What are the main regulations covering the establishment of a day care centre?
Every childcare facility should be registered by their local authority as well as OFSTED. The main purpose of the register is to provide information about the day care services in the area to parents and employers. The way in which the register is kept should be decided by each local authority and in doing so the following points should be taken into account. The register should be compiled so that child-minders, playgroups and full day care facilities can be identified separately. Each entry should include the name, address, telephone number and number of childcare places. The register should not be kept on open shelves because of the risk of details about these facilities being used in an improper way. Enquiries need to be able to find out easily where they may consult the register. Notices about where it is kept should be displayed where appropriate such as libraries and hospitals. The facility should provide information of the following: the name of the person in authority, the address of the day care centre, and the type of service to be provided e.g. day nursery, playgroup etc., and the ages of children catered for and proposed number of children, experience and qualifications of all staff, references, health, criminal convictions, and names of staff.
Day nurseries may be found in purpose built or converted buildings, whatever types of building are used, the environment should be warm, well lit and child friendly and welcoming. The following space standards which represent clear space per child are desirable: Age of child| Sq. feet| Sq. meters|
0-2 years| 40| 3.7|
2-3| 30| 2.8|
3-5| 25| 2.3|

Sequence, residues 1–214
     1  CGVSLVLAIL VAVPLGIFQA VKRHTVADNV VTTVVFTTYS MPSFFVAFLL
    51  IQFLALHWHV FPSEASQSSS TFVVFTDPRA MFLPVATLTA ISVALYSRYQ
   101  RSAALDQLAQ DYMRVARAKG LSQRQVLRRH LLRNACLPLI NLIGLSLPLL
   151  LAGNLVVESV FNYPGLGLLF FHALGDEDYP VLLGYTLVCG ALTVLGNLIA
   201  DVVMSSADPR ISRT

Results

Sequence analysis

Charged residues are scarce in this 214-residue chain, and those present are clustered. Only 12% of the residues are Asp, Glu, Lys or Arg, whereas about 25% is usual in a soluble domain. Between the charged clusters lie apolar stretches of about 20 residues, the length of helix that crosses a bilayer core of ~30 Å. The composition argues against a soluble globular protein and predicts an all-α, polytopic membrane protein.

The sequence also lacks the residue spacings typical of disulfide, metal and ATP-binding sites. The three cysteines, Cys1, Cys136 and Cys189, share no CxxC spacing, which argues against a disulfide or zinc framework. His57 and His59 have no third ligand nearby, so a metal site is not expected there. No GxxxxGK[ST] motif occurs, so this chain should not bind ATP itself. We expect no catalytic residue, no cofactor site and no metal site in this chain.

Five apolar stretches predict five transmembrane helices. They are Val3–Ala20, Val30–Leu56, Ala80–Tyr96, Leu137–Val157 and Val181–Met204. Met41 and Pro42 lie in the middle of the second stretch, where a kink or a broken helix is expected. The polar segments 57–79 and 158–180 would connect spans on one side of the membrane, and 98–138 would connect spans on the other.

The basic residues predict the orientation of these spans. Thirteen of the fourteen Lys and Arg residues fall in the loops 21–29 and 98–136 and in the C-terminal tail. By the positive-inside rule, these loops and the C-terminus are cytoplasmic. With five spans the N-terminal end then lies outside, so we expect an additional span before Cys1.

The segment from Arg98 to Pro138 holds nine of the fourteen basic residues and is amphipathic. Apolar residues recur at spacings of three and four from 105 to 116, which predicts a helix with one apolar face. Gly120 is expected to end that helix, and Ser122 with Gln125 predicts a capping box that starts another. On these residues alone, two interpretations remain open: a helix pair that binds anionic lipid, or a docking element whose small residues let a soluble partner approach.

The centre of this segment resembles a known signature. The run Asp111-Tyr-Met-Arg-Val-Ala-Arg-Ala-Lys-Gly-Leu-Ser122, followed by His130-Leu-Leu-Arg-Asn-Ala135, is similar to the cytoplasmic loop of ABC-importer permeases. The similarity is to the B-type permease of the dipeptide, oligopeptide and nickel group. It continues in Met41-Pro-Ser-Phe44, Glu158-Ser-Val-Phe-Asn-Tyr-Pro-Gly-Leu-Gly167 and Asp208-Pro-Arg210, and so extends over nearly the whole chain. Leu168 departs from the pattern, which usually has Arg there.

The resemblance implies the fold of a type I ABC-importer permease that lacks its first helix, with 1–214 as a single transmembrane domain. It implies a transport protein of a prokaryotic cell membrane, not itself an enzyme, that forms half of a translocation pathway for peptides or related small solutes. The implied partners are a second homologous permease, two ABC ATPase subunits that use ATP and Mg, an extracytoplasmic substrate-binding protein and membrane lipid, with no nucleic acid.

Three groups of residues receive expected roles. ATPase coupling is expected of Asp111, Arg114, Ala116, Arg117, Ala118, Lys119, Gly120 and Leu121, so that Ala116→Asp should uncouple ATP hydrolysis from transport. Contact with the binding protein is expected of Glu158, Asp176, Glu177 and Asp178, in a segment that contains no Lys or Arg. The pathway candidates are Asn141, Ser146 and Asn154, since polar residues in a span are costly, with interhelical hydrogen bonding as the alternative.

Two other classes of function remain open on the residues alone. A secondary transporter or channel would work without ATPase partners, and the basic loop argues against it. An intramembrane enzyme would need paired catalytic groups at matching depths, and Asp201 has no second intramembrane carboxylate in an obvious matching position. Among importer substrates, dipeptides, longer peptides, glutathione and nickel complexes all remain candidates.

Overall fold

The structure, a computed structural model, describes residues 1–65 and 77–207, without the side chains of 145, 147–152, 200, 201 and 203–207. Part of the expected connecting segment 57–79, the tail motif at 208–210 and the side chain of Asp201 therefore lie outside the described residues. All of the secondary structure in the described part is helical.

Fixtures such as cupboards should be excluded when considering whether there is sufficient space. As the premises used for day care are very different, the way in which space can be used will vary. No room, regardless of its size should have to accommodate more than 26 children, except for special occasions and, where possible the maximum should be lower for younger children; there should be a separate room for babies and toddlers with proper facilities for nappy changing and preparation of feeds close to it. There should be separate areas for quiet, noisy and messy activities. There should be appropriate facilities for disabled children. A separate office should be available and also a staff room. There needs to be a kitchen which should be of an appropriate size and adequately equipped to provide meals and snacks for both children and staff. It should conform to environmental health and food safety regulations. Outside playing is important to all children. If an area outside for play is not possible, due to locality, then children should be taken to local parks or playgrounds on a regular basis. A room should also be available for the manager to talk in private to parents and visitors if required. Toilets facilities should be at least one toilet to each 10 children and if possible a separate toilet for staff should be available.
As working with children is demanding and complex, carers require a wide range of skills in order to provide good quality services. Training produces benefits for a variety of reasons. A trained person will understand how to respond sensitivity to young children’s needs. To some degree sensitive responsiveness will reflect personality characteristics but appropriate training will help to improve it for most carers. Training can make caregivers more aware of stages in children’s development and the need to adjust to the child’s changing development needs. There are currently many different training courses available for people wishing to work in this field, with some leading to qualifications. Many workers who already hold qualifications in child day care would benefit from refresher training events and courses. These might be on a specific subject such...